This is the second instalment of my series on how to use field recordings and found sounds in your music production. Last time, I went over the basics of how to capture found sound , and now it's time to look at some ways of processing these sounds to add spice to existing tracks and make entirely new (and entirely awesome) musical textures! I'm going to be working with sounds from 'Elements', which is a collection of our very best rain, wind and water recordings: check it out.
One of the easiest ways to quickly get some interesting material for further processing is to set up a gate on the recording. Above is a snippet of a recording of rain falling on a tarpaulin. This contains lots of smaller drops and also a few bigger hits, which were closer to the mic. What this means is that there is a nice range of levels to work with, with a background of quieter impulses punctuated by some louder ones.
You can see that I've set up the gate's Threshold to somewhere below the peak of the smaller impulses (so they'll go through) and above the point where the levels bottom out, which is where the background ambiance level lies. With very short Hold and Release times, this lets us isolate the drops from the background somewhat.
Now that we have increased the dynamic range by silencing the quietest portions, we can use the gate's output as the input to some other process. One of my favourites is Ableton Live's 'Resonators' FX module, which works great with impulsive sounds like our gated rain.
I've pitched the individual resonators so that they make a nice major chord, and taken down the Decay knob so that the smaller impulses aren't completely swamped in the resonance. This leaves us with a twinkly, metallic texture'
' which sounds great with a little bit of reverb on it to smooth out the end result a little!
Sidechain My Heart
One of the best things about field recordings is how they instantly cloak a mix in spaciousness and atmosphere. But we can take this process a little further to get trippier results' Here's a drum loop from 'Lost Archive':
It's got some space around it already with the touch of reverb in there, but we could add a little extra air to it by using one of the wind recordings from 'Elements'. This is a snippet of a recording of light winds shaking leaves off the trees in a wood, complete with bird song:
I've got both pieces of audio lined up on separate tracks. If I call up the gate again and set its Sidechain input to receive the drum loop signal, I can gate the wind recording according to what the drums are doing!
A longer Release time on the gate mimics the longer decay that reverb adds to drum hits. It also allows snippets of the field recording to poke through in time with the drums, meaning that we get weird little pieces of bird song interspersing our beat!
I'm also adding the drum signal to the Sidechain input of Live's compressor, which i've set to 'Expand' mode. This means it raises the level of the field recording when the drums are playing (if it was in either Peak or RMS mode it would duck the field recording whilst the drums were sounding). I like the effect, so why not crank it up a little bit like this'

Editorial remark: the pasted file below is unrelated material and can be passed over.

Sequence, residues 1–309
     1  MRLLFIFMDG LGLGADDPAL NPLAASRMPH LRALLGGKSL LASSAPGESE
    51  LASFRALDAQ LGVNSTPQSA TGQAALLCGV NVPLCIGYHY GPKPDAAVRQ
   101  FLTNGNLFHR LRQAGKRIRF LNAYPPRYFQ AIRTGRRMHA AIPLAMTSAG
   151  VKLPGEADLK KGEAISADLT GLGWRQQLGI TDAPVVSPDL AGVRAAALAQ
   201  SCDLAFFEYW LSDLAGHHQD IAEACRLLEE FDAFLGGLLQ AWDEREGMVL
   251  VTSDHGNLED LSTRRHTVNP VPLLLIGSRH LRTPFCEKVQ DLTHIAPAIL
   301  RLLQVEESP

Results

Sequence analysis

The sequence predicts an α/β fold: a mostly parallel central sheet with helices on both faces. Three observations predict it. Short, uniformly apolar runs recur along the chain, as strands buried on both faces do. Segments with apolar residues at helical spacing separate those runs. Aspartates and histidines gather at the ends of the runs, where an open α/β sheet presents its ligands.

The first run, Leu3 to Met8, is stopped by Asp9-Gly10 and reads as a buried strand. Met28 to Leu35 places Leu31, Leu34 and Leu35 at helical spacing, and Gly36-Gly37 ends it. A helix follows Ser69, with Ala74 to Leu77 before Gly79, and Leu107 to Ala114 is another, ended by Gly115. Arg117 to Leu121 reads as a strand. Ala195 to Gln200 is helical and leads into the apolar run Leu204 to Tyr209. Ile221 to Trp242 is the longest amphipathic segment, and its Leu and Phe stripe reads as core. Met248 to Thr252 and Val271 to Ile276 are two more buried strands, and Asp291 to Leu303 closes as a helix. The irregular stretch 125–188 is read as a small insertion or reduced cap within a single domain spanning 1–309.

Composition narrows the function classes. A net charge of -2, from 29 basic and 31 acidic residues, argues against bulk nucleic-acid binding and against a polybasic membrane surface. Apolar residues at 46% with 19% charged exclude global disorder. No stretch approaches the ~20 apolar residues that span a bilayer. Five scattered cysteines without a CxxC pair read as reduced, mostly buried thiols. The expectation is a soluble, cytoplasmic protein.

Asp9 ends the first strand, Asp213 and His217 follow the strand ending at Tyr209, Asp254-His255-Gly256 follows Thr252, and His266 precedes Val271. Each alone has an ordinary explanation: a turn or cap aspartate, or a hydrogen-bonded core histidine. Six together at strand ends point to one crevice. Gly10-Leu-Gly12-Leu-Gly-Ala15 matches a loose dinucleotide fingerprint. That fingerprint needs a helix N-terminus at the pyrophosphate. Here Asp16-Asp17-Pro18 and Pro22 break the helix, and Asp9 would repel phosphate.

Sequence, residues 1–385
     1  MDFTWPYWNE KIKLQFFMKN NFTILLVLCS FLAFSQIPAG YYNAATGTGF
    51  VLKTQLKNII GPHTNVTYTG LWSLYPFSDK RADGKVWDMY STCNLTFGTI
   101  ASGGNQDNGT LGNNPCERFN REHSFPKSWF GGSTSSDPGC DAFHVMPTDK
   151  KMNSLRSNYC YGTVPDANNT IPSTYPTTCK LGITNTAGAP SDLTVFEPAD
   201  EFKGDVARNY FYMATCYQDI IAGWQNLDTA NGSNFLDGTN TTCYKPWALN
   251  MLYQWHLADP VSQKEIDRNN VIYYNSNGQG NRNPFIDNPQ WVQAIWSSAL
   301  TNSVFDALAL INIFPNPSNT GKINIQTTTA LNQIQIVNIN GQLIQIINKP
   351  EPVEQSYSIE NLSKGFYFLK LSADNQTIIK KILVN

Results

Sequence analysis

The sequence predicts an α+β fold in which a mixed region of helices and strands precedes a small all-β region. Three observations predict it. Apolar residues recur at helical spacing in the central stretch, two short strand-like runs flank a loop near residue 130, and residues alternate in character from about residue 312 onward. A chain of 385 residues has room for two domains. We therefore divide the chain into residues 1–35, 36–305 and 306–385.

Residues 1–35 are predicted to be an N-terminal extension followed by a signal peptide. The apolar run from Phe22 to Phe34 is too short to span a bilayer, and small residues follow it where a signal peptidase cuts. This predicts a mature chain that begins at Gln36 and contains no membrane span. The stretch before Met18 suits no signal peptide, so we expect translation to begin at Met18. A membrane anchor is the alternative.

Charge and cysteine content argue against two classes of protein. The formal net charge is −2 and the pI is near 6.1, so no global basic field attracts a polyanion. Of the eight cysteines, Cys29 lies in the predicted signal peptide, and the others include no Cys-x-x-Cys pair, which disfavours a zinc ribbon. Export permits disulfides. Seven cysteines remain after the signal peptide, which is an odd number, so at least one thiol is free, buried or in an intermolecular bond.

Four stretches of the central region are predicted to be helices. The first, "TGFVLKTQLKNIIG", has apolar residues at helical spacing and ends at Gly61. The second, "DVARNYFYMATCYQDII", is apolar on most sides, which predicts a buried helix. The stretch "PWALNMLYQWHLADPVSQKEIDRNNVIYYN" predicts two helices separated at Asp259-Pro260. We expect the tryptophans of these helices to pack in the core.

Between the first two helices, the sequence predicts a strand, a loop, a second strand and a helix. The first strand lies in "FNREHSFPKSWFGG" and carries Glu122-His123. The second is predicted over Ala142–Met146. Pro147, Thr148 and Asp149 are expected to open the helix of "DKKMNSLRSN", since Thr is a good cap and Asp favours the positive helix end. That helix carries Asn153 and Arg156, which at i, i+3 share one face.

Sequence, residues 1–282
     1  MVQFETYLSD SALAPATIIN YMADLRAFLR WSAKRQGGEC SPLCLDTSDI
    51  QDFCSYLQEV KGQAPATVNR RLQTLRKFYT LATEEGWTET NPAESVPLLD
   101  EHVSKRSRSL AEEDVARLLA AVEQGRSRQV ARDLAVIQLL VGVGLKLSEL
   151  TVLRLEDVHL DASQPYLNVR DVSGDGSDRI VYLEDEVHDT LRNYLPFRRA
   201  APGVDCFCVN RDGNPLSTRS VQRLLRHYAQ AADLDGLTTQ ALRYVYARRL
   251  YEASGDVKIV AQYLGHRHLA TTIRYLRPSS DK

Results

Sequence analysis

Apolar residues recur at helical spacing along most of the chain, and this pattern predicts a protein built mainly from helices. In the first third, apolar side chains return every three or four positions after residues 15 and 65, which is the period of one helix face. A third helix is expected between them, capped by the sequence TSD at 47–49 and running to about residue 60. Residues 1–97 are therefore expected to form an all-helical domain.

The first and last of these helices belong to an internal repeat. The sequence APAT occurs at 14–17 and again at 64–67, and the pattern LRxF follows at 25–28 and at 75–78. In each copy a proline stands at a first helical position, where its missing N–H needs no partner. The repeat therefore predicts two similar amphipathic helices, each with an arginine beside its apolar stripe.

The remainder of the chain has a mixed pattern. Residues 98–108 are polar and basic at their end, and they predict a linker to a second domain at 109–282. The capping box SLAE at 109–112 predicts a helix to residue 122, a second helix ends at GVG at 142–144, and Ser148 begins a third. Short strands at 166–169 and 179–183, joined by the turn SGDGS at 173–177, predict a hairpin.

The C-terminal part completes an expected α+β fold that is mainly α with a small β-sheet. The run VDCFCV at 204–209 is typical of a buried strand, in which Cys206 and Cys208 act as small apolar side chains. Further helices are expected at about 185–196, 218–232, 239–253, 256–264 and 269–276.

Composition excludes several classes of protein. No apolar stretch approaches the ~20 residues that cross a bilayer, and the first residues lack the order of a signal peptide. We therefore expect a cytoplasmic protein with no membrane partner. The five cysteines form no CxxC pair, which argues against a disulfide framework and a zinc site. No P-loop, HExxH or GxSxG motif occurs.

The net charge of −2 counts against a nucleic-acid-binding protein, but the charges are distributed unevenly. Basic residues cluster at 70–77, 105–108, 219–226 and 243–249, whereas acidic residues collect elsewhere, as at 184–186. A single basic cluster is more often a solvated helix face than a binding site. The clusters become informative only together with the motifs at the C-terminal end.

No Band Pass, No Entry
Filtering field recordings generally leads to intriguing results, but sometimes the settings available on standard filters don't go far enough. Here's one of the water recordings from 'Elements':
It's nice enough on its own, but we could, for example, run it through a bank of band pass filters to accentuate different pitches within the constant movement of the stream sound. Now, the filters in your DAW probably don't have high enough Q settings to let them self-oscillate: that kind of resonance can get dangerously loud. The 'bell'-shape filters in Live's EQ Eight do have a lot of Q to play with, though - the problem is, the EQ Eight is a parametric EQ. Its bell filters enhance or diminish frequencies, but don't remove everything else in the way a band pass does.
So if we add a bunch of high-Q boosts, as in the photo and recording directly above, it sounds like resonance plus the stream. The trick here is to copy the field recording over to another track, and invert the polarity of the copied track using the Utility module. Now, because you have two instances of the same signal with opposite polarities, you get silence - the two signals are exactly cancelling each other out. When we add our EQ back (onto only one of the copies!), however, we hear only what is different between the copies, which is the EQ.
So we've now managed to isolate the pitches we want from the stream recording, and diminished the rest sufficiently to have created a sound with an entirely new character. Get automating those EQ Eight frequencies and we've got ourselves an utterly unique, watery pad track!
I hope you've enjoyed this little trip through what's possible with found sound and been inspired to check out some of our collections of Field Recordings. Next time, I'm going to look at what you can achieve by layering field recordings in mixes, but until then, get creating!